30TH AUGUST 2013 – GOOD HAIR DAY.
 
THE CHRIS ROCK FILM “GOOD HAIR DAY” WAS AN EYE OPENER.(www.youtube.com)I knew about the film and was reminded at a recent focus group and from an article in The Voice newspaper – Do Black women care more about their hair than their health.(www.voice-online.co.uk) In the film Chris Rock explores the world of hair and the black culture around it. As the journey unfolded I thought – real human hair, given freely by people at religious events in countries like India is sold on. Then black women are paying hundreds and even thousands of pounds or dollars for it to be added to their hair. That amazes and saddens me in a way. And the fact is that if the hair was from a black person, they would turn it away. But you are wearing human hair that once hung out on someone else’s head. There are only four Black owned hair companies in the U.S. it emerged during the film. All this money spent by the Black community is going to enrich Chinese companies.
 
LOST INTIMACY
 
Some of the men interviewed were talking about not being able to touch their partner’s hair. She (or he) spent so much on that style and you can’t mess with that. But in those hair styles I could see so much creativity and power.

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The view of The Washington Memorial from The Lincoln Memorial, Washington.
Taken in 2004.(c Keith Stewart.)
 
FIFTY YEARS AND STILL DREAMING.
 
Hearing President Obama talk about Martin Luther King Jr and his work and THAT speech made me smile. He calls King one of his heroes. King,the man who ensured the battle for civil rights was non-violent. A man who dreamt of there one day being a Black President. And here we have that President planning to attack Syria; who has deported more people than Bush; who sends drones to blow up his enemies (no trial needed) and hasn’t gained many air miles from travelling to Africa.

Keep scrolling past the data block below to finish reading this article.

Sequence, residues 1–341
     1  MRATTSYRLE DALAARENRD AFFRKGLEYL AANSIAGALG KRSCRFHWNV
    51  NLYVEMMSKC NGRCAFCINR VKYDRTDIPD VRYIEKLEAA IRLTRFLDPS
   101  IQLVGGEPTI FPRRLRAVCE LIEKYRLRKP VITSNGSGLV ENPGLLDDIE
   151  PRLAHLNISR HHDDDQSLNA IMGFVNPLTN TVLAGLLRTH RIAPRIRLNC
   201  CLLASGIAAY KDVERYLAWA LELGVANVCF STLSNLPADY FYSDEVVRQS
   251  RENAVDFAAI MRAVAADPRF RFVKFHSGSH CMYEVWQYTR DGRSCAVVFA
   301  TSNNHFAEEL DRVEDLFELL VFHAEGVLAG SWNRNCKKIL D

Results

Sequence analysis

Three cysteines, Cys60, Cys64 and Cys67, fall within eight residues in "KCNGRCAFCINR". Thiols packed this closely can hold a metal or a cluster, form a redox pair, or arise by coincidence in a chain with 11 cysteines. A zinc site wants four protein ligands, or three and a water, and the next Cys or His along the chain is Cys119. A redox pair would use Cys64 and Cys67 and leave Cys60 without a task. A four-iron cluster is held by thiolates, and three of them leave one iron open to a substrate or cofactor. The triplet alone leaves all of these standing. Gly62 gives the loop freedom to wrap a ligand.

In a BBC news article it was beautiful to hear a young black boy saying how grateful he was for the work done by those who came before him. He was saying that he was going to make the most of the opportunities they opened. Proudly and with confidence he will march through that door of aspiration they left open.
 
THE SAME OLD SONG!
 
Whenever I attend Black led events in the U.K. I hear so many Black people talking about what is wrong with Black people and the community. Why Black people aren’t this, that or the other. How we don’t have a Black leader. We need a Black T.V. station But they seem to be doing nothing about it. They are able to wax lyrically and run down their community and therefore themselves. In many ways we are replaying the racist’s dream. We are continuously living out for the master the basic goals of slavery. Divide and conquer. Teach the slave to own their lack of worth. Then reinforce that at every move, so the enslaved can do it for themselves.
I am going armed next time – www.greatblackbritons.com – a site with great examples of Black British achievers.
At some point I have to say – that’s part of my history but it is not my identity now. It is not all of who I am. Most of all I won’t let it define me now.
 
“BE THE CHANGE YOU WANT TO SEE IN THE WORLD” 
MAHATMA GHANDI (1869-1948).
 
K
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